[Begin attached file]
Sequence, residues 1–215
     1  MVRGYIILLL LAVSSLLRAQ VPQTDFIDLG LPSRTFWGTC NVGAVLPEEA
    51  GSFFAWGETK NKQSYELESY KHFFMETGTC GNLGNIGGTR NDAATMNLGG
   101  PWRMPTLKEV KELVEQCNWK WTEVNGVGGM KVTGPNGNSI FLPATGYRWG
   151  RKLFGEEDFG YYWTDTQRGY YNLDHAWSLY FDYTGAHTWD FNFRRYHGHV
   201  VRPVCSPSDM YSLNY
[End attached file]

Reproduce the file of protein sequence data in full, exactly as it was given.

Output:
Sequence, residues 1–215
     1  MVRGYIILLL LAVSSLLRAQ VPQTDFIDLG LPSRTFWGTC NVGAVLPEEA
    51  GSFFAWGETK NKQSYELESY KHFFMETGTC GNLGNIGGTR NDAATMNLGG
   101  PWRMPTLKEV KELVEQCNWK WTEVNGVGGM KVTGPNGNSI FLPATGYRWG
   151  RKLFGEEDFG YYWTDTQRGY YNLDHAWSLY FDYTGAHTWD FNFRRYHGHV
   201  VRPVCSPSDM YSLNY